They're not household names—the Rev. Robert Hunt, Capt. Gabriel Archer, Ferdinando Wainman, and Capt. William West—but archaeologists have identified the remains of those four men as high-ranking leaders of Jamestown, reports NPR. In a sign of their importance, the four were buried in a church, the first Protestant one in America, reports AP. Researchers say one of the most intriguing discoveries is a small silver box buried with Archer. It's believed to be a Catholic reliquary, which is odd considering the church was Protestant. A post at the Atlantic calls it a "historical bombshell" because it suggests "researchers may have just discovered proof of an underground community of Catholics—including Archer and perhaps the person who buried him with the relic—who pretended to be Protestants."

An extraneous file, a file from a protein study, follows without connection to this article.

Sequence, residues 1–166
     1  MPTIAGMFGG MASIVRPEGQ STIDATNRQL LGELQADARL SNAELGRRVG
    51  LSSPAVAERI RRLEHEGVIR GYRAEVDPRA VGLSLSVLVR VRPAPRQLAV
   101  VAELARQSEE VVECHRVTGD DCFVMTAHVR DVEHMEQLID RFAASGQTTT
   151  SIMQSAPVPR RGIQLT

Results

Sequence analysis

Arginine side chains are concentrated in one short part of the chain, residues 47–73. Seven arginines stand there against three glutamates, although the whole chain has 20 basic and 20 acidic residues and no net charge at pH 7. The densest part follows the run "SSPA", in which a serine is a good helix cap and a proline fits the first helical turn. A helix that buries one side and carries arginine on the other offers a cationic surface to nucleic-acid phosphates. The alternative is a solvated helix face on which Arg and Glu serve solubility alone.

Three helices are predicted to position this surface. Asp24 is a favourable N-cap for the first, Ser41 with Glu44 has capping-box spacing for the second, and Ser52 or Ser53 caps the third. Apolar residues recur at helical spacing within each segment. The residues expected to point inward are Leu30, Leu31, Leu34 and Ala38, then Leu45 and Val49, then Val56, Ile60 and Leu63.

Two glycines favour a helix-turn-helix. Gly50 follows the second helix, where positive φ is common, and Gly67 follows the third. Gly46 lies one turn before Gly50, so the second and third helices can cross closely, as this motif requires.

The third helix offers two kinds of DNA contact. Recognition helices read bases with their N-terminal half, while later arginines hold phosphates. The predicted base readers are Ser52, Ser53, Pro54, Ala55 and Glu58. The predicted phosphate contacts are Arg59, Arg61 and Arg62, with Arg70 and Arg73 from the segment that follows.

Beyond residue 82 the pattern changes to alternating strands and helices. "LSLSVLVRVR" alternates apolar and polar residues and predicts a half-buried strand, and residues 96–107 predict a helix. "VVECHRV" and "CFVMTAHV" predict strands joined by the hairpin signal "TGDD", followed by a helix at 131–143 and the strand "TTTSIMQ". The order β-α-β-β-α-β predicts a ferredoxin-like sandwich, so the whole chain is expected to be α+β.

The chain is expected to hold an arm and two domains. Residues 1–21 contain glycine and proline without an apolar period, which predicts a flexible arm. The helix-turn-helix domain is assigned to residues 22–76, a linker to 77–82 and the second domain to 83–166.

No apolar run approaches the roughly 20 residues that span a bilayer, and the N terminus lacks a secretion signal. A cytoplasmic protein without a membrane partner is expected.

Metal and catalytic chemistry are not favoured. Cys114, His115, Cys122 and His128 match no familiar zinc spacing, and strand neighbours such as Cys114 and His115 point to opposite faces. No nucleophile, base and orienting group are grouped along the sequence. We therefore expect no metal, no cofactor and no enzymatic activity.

It may take a while for historians to piece together the full story. Archer and the others were buried between 1608 and 1610, as the settlement battled starvation and Native Americans, reports the New York Times. Hunt, 39, was the first Anglican minister in America; Archer, 34, was an expeditionary leader and a rival of John Smith; Wainman, 34, was a soldier in charge of ammunition and horses; and West, 24, is described as a gentleman who died in a battle with Native Americans. “This is the first colony, and it’s closely connected to what follows, so what takes place at Jamestown in these early years is not separate from the mainline of development of American society,” says James Horn, the president of Jamestown Rediscovery, which is leading the dig. “This is the beginning of American society, and religion is a very big part of that.”